“I do not understand how these new rules will work. How will they (LRA) deal with the issue of our credit suppliers who charge us tax because if we are charged tax again at the border, it means we will be paying double? They should have clearly explained to us how we would deal with the matter,” said the dealer who requested anonymity.

Another trader added: “the system at the border is already a mess so this means more congestion as it will make the queues even longer.”

Last week, car importers and clearing agencies told this publication that the LRA had introduced a new clearing system at  ports of entry which they said had not only increased tariffs but was also taking longer to process.

Some of the car dealers said they were now paying 60 percent more in import duties as a result of the new LRA regulations.

Three clearing agencies who import pre-owned cars from Japan told the Lesotho Times in separate interviews that the new clearing system, which they say was introduced without prior consultations by the LRA in December 2017, had also bred mistrust as clients blamed them for the resultant delays in receiving their imported vehicles.

According to Mokhali Mofubetsoana, a Phoka Clearing and Forwarding Agency representative, the clearing of cars which used to be done before the vehicles reached the border was now being done only when they had arrived at the border and they were being charged higher taxes.

“We normally do pre-clearance but early in December they (LRA) introduced what they call top-up where they evaluate the imported cars again when they arrive at the border and then add an extra charge,” Mr Mofubetsoana said.

“The changes were not communicated to us beforehand so we do not know the basis for the higher taxes. The extra charges have negatively affected our business in that we can no longer give people the exact quotes which let them know exactly how much it will cost them to import cars from Japan,” he said.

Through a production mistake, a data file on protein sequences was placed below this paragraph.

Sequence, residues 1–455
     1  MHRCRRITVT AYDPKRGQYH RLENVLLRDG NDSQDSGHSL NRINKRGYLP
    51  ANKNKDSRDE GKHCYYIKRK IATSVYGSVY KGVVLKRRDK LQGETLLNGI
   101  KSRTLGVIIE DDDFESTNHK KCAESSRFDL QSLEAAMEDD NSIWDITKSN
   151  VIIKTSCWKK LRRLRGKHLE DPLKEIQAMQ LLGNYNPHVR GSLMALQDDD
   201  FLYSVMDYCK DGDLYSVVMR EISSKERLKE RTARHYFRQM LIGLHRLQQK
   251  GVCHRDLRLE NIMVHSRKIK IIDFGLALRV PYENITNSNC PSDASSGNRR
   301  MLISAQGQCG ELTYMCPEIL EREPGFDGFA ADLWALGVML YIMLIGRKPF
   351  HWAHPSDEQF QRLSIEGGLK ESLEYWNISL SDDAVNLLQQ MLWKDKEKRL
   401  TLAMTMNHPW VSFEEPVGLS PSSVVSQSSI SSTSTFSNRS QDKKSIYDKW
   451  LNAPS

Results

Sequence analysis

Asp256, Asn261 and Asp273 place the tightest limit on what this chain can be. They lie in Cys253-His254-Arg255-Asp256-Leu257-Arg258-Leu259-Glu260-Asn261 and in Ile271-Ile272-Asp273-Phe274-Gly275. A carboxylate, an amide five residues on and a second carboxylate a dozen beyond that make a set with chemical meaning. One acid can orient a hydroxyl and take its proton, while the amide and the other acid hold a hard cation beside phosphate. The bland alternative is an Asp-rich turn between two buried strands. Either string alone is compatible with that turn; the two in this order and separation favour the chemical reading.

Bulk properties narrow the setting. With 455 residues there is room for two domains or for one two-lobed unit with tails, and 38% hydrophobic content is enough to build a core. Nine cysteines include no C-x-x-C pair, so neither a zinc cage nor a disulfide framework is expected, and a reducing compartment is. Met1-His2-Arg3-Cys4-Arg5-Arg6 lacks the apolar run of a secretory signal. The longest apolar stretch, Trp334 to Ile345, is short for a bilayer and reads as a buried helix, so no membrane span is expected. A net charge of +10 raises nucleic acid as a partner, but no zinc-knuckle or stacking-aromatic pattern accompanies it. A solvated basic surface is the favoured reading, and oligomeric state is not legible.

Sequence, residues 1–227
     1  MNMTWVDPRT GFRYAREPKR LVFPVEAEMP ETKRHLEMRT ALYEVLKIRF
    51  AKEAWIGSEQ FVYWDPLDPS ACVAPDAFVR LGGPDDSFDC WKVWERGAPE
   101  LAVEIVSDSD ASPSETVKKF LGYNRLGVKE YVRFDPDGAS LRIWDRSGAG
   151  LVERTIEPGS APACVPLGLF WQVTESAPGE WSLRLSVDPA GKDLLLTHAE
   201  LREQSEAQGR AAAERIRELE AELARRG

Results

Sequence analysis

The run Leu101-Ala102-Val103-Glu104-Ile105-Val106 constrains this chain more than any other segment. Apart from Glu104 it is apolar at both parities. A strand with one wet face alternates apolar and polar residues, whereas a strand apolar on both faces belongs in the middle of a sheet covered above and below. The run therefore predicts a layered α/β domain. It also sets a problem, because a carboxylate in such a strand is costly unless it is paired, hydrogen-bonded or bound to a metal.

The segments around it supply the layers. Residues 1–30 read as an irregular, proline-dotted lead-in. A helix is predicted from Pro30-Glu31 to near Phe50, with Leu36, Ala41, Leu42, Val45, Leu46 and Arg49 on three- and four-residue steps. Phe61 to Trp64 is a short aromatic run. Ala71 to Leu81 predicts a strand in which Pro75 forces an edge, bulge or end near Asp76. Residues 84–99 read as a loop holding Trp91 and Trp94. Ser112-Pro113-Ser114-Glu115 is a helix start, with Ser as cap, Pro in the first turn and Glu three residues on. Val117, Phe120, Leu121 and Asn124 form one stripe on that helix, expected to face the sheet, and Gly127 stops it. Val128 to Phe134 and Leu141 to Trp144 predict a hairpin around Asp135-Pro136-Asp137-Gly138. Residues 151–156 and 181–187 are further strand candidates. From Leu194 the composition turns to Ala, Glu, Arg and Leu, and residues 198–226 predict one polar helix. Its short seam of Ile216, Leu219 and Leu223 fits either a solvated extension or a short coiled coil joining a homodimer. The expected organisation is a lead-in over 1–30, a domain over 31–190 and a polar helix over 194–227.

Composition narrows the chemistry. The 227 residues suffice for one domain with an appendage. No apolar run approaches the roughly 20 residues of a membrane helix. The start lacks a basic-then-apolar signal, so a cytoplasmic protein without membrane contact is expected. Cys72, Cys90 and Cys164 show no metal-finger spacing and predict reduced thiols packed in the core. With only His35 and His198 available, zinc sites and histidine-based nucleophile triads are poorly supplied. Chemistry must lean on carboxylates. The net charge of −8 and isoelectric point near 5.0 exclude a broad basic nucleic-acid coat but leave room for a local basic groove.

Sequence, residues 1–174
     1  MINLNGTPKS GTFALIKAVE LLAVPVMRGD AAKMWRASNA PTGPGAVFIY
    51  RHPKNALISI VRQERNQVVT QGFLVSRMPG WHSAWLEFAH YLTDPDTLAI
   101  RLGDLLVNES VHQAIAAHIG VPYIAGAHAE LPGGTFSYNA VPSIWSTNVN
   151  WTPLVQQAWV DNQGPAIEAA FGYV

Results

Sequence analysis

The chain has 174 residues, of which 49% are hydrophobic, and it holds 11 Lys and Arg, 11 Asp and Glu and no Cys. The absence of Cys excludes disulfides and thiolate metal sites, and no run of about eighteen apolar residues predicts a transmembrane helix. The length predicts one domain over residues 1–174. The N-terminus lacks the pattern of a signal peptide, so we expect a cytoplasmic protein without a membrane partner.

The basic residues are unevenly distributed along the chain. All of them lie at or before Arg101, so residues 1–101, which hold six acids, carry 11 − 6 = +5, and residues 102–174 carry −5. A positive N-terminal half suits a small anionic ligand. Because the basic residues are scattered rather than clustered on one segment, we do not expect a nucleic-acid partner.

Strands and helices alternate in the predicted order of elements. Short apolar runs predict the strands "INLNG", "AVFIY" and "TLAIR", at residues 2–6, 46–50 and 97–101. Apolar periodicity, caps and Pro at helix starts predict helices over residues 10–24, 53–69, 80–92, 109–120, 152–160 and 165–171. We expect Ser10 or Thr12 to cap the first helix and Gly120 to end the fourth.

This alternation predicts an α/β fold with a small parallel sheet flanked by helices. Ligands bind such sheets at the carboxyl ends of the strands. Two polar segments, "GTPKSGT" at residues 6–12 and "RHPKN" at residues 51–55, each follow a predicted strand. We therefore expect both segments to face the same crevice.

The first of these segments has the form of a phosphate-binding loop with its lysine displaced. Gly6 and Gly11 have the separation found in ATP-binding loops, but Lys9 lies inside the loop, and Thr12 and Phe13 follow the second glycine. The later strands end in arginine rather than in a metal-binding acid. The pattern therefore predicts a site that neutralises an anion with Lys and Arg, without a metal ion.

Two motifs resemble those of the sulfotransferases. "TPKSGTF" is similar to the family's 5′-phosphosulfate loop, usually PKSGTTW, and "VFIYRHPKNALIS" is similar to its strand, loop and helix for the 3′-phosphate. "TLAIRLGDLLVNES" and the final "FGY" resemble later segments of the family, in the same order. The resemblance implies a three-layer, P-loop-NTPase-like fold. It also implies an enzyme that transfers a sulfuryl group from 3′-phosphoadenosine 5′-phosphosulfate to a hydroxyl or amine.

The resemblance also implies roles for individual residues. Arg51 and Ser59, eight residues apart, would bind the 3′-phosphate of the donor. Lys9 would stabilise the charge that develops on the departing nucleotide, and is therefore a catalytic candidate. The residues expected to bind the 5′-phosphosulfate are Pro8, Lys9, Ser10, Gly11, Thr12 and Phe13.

However, the LRA Customs Commissioner, Kali Lepholisa, defended the new regulations, saying they were introduced after the LRA encountered problems with the South African Revenue Services (SARS) in claiming taxes that were paid in South Africa.

“We have a Memorandum of Understanding with SARS to refund us on VAT which was paid to South African supplies for goods exported to Lesotho and we demand those refunds based on the invoices which would be used to clear goods at the border,” she said.

“However, SARS has explained that they have been having problems of goods bought on credit in that they would have refunded us and yet they never get the tax from those suppliers. So to avoid that high risk, VAT will from 1 February 2018, be demanded at the Lesotho borders for goods bought on credit.

“The local traders have the option to ask their suppliers to give them a zero tax rate on the invoices so that they do not get to pay tax twice or they can arrange with LRA to have a deferment account which will allow them to pay tax at a later date after settling their debts with suppliers so that way they have the proof of payment.”

She said the LRA will meet SARS on 8 February this year to further discuss the issues raised by traders.